Phenomenology

Overview

This new introduction by Shaun Gallagher gives students and philosophers not only an excellent concise overview of the state of the field and contemporary debates, but a novel way of addressing the subject by looking at the ways in which phenomenology is useful to the disciplines it applies to. Gallagher retrieves the central insights made by the classic phenomenological philosophers (Husserl, Heidegger, Merleau-Ponty, Sartre, and others), updates some of these insights in innovative ways, and shows how they ...

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Overview

This new introduction by Shaun Gallagher gives students and philosophers not only an excellent concise overview of the state of the field and contemporary debates, but a novel way of addressing the subject by looking at the ways in which phenomenology is useful to the disciplines it applies to. Gallagher retrieves the central insights made by the classic phenomenological philosophers (Husserl, Heidegger, Merleau-Ponty, Sartre, and others), updates some of these insights in innovative ways, and shows how they directly relate to ongoing debates in philosophy and psychology. Accounts of phenomenological methods, and the concepts of intentionality, temporality, embodiment, action, self, and our ability to understand other people are integrated into a coherent contemporary statement that shows why phenomenology is still an active and vital philosophical approach.

Each chapter begins with a discussion of the classic analyses and then goes on to show their relevance to contemporary debates in philosophy about embodied, enactive and extended approaches to our understanding of human experience. Along the way Gallagher introduces some novel interpretations that suggest how phenomenology can both inform and be informed by the terms of these debates.

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Product Details

  • ISBN-13: 9780230272491
  • Publisher: Palgrave Macmillan
  • Publication date: 10/2/2012
  • Series: Palgrave Philosophy Today Series
  • Pages: 224
  • Sales rank: 1,404,058
  • Product dimensions: 5.40 (w) x 8.40 (h) x 0.70 (d)

Meet the Author

SHAUN GALLAGHER is the Lillian and Morrie Moss Professor of Excellence in Philosophy at the University of Memphis, USA. He has a secondary appointment at the University of Hertfordshire, UK, and is Honorary Professor of Philosophy at the University of Copenhagen, Denmark.

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Table of Contents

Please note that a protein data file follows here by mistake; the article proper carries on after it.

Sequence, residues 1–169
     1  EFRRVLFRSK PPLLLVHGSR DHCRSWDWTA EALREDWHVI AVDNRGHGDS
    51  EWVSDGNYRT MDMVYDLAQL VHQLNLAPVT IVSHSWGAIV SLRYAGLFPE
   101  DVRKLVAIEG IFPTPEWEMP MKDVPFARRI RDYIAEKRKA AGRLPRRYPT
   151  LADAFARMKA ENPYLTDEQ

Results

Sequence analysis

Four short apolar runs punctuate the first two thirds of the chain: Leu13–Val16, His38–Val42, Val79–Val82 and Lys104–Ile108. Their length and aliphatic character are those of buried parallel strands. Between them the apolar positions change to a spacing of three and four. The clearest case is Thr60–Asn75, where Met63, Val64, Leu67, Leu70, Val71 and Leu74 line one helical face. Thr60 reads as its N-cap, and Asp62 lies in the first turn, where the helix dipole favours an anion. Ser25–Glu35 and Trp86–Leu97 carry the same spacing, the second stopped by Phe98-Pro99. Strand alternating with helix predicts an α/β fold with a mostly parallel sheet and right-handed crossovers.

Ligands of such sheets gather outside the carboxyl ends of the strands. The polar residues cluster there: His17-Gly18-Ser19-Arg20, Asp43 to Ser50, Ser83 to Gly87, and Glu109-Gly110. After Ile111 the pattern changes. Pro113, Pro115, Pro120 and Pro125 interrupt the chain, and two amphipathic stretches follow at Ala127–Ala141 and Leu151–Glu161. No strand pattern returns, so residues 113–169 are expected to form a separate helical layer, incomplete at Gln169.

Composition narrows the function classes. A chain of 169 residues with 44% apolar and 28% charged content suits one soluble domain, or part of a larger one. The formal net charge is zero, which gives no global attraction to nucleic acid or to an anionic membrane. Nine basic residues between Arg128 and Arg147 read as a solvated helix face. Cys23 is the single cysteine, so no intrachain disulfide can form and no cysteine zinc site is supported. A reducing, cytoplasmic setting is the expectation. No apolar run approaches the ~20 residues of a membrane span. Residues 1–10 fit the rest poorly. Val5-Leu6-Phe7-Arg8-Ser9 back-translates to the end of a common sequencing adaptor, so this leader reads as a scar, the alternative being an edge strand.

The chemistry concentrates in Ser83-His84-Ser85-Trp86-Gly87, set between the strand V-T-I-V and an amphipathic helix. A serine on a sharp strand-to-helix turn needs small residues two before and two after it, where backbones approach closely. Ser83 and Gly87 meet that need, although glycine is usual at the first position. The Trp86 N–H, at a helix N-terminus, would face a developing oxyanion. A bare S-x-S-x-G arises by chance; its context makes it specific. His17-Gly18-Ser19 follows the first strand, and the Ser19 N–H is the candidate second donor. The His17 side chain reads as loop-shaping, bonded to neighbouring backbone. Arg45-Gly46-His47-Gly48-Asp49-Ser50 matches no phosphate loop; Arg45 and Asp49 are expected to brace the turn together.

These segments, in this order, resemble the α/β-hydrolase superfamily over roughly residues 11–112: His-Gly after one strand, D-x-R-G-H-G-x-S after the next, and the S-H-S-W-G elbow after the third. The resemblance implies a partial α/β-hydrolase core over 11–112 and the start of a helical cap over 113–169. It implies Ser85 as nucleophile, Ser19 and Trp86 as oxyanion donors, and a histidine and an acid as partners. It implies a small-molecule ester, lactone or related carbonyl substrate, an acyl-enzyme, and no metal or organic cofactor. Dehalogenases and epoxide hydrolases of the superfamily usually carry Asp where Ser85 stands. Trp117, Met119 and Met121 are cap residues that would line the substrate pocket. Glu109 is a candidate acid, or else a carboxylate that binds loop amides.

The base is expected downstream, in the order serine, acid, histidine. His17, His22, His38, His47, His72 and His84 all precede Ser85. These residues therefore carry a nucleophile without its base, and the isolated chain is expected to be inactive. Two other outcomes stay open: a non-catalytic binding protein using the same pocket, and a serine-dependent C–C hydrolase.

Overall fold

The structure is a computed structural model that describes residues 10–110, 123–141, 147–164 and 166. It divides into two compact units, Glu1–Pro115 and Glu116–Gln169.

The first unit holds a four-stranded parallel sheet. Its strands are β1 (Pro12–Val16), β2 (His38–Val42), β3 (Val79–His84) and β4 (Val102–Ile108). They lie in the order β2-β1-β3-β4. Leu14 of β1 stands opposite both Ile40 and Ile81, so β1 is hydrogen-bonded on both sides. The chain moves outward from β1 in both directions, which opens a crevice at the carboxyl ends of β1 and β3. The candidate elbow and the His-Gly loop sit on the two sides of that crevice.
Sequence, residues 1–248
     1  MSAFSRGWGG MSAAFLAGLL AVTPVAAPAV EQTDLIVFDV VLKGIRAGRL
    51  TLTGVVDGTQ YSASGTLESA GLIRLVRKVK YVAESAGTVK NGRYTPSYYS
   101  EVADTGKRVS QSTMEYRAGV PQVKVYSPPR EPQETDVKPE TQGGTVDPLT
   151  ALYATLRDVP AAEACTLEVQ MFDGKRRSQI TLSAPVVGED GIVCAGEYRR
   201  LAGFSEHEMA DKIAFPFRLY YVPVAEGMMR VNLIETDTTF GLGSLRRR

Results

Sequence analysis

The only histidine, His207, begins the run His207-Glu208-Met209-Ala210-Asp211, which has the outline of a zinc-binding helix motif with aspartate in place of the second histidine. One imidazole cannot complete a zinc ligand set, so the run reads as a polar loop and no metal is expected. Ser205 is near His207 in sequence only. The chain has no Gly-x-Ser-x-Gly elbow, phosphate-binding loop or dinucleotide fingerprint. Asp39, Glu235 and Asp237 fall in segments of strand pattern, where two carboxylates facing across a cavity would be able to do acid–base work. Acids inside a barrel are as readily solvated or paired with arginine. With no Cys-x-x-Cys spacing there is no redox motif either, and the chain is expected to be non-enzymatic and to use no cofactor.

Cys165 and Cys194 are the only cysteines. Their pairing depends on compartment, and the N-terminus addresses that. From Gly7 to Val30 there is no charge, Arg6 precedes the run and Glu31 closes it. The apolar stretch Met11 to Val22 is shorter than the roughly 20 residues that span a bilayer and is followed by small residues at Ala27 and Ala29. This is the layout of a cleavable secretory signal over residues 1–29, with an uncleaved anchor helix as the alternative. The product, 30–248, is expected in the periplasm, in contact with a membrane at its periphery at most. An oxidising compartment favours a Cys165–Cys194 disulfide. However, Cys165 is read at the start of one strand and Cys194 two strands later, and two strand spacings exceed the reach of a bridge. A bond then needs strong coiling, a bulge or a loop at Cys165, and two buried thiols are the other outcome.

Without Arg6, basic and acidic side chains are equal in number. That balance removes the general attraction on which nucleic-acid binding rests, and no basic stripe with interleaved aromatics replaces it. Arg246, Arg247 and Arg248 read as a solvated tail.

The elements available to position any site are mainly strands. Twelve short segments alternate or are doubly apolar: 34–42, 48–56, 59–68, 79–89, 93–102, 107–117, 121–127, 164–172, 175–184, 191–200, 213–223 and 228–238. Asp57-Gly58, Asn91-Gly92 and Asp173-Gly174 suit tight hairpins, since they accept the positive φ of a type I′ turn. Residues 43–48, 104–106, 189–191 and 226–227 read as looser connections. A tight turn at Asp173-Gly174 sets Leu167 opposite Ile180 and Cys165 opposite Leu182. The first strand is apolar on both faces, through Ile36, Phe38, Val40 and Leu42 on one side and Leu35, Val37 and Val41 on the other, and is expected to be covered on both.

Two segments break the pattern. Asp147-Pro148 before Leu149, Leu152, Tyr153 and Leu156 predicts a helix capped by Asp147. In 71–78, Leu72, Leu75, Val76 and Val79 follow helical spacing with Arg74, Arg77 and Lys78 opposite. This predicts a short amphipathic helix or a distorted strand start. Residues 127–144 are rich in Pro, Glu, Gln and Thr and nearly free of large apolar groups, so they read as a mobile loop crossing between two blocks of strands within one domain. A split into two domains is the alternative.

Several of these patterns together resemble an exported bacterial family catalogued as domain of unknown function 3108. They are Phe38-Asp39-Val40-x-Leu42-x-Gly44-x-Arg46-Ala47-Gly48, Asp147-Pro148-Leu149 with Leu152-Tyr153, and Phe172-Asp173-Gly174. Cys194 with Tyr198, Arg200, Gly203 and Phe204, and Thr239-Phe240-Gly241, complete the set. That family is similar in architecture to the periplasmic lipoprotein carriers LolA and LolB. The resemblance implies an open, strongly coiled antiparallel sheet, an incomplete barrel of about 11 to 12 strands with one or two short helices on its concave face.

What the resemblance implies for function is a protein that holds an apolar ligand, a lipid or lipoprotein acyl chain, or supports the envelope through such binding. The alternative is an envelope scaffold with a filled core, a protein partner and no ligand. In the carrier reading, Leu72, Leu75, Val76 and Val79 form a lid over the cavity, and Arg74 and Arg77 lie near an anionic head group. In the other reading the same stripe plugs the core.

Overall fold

Series Editor's Preface x

Acknowledgments xii

Introduction: The Situation of Phenomenology 1

1 What Is Phenomenology? 7

1.1 Phenomenologies 7

1.2 Historical background and foreground 10

1.3 Death and reincarnation 13

1.4 A different phenomenology 16

1.5 Further reading 17

2 Naturalism, Transcendentalism and a New Naturalizing 19

2.1 Mathematics and psychology 19

2.2 Naturalistic and transcendental accounts 22

2.3 The new naturalism 28

2.4 Some natural ways of using phenomenology 33

2.4.1 Formalizing phenomenology 33

2.4.2 Neurophenomenology 36

2.4.3 Front-loaded phenomenology 37

2.5 Further reading 40

3 Phenomenological Methods and Some Retooling 41

3.1 The natural attitude 41

3.2 The epoché 43

3.3 The phenomenological reduction 47

3.4 Retooling the eidetic reduction 49

3.5 Some questions about the first person perspective and language 56

3.6 Further reading 60

4 Intentionalities 62

4.1 Husserl's theory of intentionality 63

4.2 Noesis-noema 67

4.3 Enactive intentionality 72

4.4 Further reading 80

5 Embodiment and the Hyletic Dimension 82

5.1 Hyle: a sensational concept 82

5.2 The critique of Husserl's theory 86

5.3 Hyle and quale 89

5.4 Embodiment and hyletic experience 93

5.5 Deepening the enactive interpretation 96

5.6 Further reading 99

6 Time and Time Again 100

6.1 Experiencing time 100

6.2 Husserl's analysis 103

6.3 The ubiquity of temporality 107

6.4 One more time: primal impression and enactive structure 114

6.5 Further reading 121

7 Self and First-Person Perspective 122

7.1 A tradition of disagreements 122

7.2 Pre-reflective and minimal aspects of self 127

7.3 The sense of ownership 131

7.3.1 Schizophrenia 136

7.3.2 Somatoparaphrenia 140

7.3.3 Rubber hand illusion and whole body displacement 143

7.3.4 The NASA robot experience 146

7.4 First-person perspective 148

7.5 Further reading 157

8 Lifeworld, Action, Narrative 159

8.1 The lifeworld 159

8.2 Turning the tables 164

8.3 Action and agency 168

8.4 The narrative scale 172

8.5 Further reading 181

9 Intersubjectivity and Second-Person Perspective 182

9.1 Transcendental intersubjectivity 182

9.2 Being-with others 187

9.3 Standard views of social cognition 191

9.4 Phenomenologial approaches to social cognition 193

9.4.1 Developmental studies 195

9.4.2 Behavioral and phenomenological evidence 198

9.4.3 Evidence from dynamic systems modeling 200

9.5 The narrative scale in social cognition 201

9.6 Revisiting transcendental intersubjectivity 202

9.7 Further reading 204

Notes 205

References 212

Index 233

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